NoRelevance.com

For Lovers of Visual Junk

Alex Steinweiss Cover Art – Morton Gould for Columbia Records

Nov

7

2012

Here’s a beauty that came to me via a friend and fellow 45 collector—an Alex Steinweiss cover for a box of Morton Gould 7-inch records on Columbia. Here’s the wonderful Steinweiss script we’ve come to love contrasted against some microscopic Futura type amid some rather basic geometric line art. Simple and beautiful and a great example of Steinweiss’ thin-line, slightly jittery, script lettering. Enjoy!

Alex Steinweiss Album Covers (in the wild)

Oct

22

2012

I found these two Alex Steinweiss-designed and illustrated album covers gathering dust in a St. Vincent de Paul thrift store in South Austin. None of his beautiful, signature, curly script, but still fun nonetheless. They’re still there, so go grab ‘em!

Texas Tray Postcard

Oct

17

2012

Here’s one of the stranger items I’ve stumbled upon in my dustbin diving. Apparently, you used to be able to stick a stamp on just about anything and mail it—including this aluminum Tray Postcard adorned with all of the highlights one could handle on their trip to the Lone Star State. There’s no indication of when this was created nor whether any were actually mailed or delivered to their intended recipients. Just a slice of potential postal history that managed to survive relatively unscathed.  Seen one in the wild? Or, even better, received one?

Robert J. Lang Origami Bugs

Sep

14

2012

I recently had the pleasure of seeing an exhibit of Robert J. Lang’s exquisite origami at the Lady Bird Johnson Wildflower Center in Austin. If you’re not familiar with Mr. Lang’s work do yourself a favor and check out the wonderful documentary Between the Folds, which aired on PBS a while back and featured numerous other origami artists such as the master himself, Akira Yoshizawa. Robert J. Lang also has a TED talk where he discusses his process in greater detail. (more…)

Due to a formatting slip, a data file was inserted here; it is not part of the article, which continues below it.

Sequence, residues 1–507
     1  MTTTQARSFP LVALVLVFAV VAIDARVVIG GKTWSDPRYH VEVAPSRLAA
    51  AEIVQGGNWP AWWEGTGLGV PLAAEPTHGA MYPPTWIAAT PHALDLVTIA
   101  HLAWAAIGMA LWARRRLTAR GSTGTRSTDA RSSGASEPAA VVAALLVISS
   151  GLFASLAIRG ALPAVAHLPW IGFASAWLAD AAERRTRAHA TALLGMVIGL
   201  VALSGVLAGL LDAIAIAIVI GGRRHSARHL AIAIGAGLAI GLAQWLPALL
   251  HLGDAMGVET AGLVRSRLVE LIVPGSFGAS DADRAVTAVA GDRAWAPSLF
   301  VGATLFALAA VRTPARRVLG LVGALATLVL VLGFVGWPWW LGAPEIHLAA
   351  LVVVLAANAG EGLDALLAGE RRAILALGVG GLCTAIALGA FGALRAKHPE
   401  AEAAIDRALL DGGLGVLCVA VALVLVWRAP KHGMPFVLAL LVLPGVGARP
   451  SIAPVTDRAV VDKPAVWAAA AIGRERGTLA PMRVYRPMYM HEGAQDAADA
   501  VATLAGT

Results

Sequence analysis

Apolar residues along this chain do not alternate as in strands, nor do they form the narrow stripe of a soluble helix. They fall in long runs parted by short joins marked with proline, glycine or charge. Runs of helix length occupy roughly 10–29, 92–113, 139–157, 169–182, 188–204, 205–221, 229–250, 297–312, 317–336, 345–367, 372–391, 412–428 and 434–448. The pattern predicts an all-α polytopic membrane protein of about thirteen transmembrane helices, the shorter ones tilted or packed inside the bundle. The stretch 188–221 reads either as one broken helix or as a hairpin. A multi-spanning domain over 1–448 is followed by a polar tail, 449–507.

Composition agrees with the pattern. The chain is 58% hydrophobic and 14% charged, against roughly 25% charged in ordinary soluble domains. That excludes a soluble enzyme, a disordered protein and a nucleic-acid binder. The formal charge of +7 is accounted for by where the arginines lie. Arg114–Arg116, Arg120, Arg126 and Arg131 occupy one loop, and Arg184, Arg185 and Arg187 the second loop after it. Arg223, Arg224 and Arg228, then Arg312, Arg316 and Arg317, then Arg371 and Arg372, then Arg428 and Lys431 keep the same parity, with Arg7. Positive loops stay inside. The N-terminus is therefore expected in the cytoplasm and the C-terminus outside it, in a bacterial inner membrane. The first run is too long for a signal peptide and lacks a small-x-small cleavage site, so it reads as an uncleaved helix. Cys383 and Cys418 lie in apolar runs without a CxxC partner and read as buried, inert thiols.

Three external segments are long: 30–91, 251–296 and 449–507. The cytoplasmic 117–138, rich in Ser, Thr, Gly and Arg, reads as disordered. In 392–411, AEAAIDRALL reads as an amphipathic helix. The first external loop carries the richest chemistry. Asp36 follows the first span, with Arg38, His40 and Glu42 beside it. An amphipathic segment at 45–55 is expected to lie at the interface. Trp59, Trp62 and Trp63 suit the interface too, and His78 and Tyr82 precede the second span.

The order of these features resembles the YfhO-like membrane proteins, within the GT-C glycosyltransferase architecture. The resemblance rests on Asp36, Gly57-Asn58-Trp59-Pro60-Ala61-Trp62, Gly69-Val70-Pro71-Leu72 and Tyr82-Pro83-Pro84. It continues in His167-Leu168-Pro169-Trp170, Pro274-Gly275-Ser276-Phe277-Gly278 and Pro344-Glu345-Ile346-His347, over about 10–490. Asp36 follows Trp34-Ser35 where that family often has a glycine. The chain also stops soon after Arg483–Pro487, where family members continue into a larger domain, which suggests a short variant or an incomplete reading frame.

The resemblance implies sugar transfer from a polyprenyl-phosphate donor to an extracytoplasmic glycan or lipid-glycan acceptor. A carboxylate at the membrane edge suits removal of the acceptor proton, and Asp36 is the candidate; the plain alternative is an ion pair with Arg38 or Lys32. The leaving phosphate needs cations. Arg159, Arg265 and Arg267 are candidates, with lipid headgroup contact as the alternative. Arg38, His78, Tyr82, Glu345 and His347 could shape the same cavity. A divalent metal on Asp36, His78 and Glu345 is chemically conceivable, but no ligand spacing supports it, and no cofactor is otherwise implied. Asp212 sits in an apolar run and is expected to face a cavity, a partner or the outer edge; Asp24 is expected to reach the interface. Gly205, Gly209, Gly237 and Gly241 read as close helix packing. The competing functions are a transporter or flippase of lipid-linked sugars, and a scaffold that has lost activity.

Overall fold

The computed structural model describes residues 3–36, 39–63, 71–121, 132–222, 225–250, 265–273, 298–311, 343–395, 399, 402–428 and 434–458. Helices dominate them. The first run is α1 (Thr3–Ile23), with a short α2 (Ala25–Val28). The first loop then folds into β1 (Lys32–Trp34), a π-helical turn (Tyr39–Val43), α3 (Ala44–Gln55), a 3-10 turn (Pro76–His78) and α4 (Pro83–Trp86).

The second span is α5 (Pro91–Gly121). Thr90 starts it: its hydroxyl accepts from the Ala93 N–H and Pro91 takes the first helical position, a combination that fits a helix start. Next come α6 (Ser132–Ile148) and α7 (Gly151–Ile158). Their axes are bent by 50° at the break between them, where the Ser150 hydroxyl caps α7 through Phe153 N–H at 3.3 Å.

baia Instamount Photo Cube

Jul

17

2012

I’m a sucker for 1950s color advertising photography, with its over-saturated colors and idyllic subjects and scenery. The packaging for the baia Instamount Photo Cube was no let down in this respect. Looking like scenes from bygone family-oriented TV shows the sides of this box, which held a once ubiquitous acrylic photo cube, wreak of family values and WASPy middle American life. The eye-catcher for me, though, was the simple 3-color baia logo set in a bold, slightly extended version of Clarendon. It feels rather modern for such a classic and commonly used typeface perhaps due to the even/odd interplay of the flipped words’ alternating characters. I owned a baia 8mm film editor some time ago and never paid much mind to the faded, black logo on it. I’d surely have kept the thing if the logo had appeared like this.

Austin Music Posters in the Wild [an online photo gallery]

Jul

9

2012